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This study was a randomized, controlled trial in Ecuador and also found those the children given eggs were 74% less likely to be underweight. Interestingly, the children that ate the eggs were less likely to eat refined sugars compared to the children in the control group not given eggs. In fact, the prevalence of reported consumption of sugary foods, such as chocolate, sweets, candies, pastries, cakes, or cookies, was 29% lower when compared with the control group, perhaps due to increased satiety hormones.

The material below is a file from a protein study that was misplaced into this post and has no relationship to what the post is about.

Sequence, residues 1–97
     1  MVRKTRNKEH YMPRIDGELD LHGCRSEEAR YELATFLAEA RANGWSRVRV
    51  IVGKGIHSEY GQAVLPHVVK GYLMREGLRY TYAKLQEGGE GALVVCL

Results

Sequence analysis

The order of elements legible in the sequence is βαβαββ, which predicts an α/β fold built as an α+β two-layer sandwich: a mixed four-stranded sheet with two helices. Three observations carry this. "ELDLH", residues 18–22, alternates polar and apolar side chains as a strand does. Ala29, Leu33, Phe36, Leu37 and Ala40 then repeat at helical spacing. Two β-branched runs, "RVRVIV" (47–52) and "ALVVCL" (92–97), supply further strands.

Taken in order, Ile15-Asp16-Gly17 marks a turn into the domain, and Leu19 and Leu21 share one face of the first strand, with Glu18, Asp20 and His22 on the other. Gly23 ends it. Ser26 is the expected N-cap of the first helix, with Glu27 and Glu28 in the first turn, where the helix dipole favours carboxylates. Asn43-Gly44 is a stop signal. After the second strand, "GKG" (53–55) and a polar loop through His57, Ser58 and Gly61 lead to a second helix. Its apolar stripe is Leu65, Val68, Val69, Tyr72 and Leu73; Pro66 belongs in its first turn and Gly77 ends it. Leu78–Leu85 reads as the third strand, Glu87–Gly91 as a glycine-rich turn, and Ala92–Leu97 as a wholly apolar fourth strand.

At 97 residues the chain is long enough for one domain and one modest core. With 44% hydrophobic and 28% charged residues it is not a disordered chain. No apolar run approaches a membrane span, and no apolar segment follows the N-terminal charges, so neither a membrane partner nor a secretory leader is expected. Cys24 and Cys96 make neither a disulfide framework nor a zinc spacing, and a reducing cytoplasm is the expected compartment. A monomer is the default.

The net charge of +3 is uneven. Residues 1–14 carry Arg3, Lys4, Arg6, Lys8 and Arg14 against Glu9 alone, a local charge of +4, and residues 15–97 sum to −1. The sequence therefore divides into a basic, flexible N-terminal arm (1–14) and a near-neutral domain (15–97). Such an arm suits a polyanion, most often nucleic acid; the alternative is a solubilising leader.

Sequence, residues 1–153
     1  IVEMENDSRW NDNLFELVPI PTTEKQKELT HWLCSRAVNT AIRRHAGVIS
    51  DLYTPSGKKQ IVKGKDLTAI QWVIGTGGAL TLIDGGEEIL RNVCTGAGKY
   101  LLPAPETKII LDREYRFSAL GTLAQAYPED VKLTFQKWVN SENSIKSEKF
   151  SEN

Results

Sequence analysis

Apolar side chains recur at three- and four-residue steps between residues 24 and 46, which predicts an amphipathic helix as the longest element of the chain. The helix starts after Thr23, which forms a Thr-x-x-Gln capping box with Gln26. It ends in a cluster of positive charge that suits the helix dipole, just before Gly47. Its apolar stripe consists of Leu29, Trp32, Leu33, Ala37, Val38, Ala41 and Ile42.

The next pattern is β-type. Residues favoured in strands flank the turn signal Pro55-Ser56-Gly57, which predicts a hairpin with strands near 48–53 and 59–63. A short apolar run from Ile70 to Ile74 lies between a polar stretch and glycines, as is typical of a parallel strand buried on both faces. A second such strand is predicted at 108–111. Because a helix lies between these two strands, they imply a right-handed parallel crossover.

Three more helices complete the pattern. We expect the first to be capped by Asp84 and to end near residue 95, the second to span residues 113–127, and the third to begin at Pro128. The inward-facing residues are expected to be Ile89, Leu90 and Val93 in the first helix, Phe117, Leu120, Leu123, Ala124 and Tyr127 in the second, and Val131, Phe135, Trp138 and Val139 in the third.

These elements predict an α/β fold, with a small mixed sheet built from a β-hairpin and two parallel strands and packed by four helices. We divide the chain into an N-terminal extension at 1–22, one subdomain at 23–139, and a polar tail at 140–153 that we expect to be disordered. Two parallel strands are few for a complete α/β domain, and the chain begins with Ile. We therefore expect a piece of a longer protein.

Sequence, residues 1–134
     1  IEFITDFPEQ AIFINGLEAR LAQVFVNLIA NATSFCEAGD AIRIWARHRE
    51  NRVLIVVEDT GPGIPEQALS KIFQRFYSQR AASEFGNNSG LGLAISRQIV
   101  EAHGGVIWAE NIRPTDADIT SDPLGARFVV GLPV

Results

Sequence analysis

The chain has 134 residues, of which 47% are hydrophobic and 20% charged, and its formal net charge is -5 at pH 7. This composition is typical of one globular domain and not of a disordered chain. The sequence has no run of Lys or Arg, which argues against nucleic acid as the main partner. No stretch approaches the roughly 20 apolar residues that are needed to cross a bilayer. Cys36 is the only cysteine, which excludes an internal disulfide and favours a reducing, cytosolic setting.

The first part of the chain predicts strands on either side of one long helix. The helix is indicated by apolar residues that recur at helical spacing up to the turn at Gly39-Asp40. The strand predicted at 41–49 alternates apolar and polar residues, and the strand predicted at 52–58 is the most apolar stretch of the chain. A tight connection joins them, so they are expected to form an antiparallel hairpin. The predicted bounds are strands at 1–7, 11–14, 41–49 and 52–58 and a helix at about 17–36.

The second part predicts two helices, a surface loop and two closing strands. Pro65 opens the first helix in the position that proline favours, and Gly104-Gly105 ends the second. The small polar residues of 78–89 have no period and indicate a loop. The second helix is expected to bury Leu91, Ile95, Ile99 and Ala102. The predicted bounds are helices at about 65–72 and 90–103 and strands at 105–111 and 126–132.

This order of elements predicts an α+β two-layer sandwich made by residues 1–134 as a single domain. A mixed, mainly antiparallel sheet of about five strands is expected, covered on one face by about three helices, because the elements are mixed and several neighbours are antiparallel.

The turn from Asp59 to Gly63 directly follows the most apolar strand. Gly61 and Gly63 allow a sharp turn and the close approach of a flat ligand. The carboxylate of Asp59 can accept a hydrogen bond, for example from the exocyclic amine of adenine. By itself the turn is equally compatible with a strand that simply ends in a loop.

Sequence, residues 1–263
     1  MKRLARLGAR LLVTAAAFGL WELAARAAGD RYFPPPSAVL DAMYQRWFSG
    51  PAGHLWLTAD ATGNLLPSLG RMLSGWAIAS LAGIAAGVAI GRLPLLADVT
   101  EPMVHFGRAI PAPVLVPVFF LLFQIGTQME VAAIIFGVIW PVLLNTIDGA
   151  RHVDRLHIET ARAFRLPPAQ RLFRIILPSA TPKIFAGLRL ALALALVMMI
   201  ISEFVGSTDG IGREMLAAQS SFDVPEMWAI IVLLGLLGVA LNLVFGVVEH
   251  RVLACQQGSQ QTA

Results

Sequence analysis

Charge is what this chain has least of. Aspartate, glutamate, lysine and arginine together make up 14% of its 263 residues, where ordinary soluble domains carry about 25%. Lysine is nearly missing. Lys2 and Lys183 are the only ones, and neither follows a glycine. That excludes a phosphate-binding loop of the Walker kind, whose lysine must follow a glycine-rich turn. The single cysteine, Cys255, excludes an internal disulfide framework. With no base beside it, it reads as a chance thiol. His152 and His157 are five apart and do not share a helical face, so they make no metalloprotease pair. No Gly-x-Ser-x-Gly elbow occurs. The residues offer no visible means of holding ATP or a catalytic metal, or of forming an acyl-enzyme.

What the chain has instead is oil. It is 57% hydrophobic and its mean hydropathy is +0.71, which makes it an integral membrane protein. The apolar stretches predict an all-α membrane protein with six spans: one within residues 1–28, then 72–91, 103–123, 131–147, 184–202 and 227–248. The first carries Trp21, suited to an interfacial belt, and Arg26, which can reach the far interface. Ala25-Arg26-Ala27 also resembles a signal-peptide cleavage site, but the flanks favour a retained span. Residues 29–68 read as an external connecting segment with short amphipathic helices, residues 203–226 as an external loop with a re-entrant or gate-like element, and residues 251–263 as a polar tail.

Growth stunting is a problem for children in developing countries. This study suggests that eggs may be a viable option to reduce the risk of stunting growth in children.

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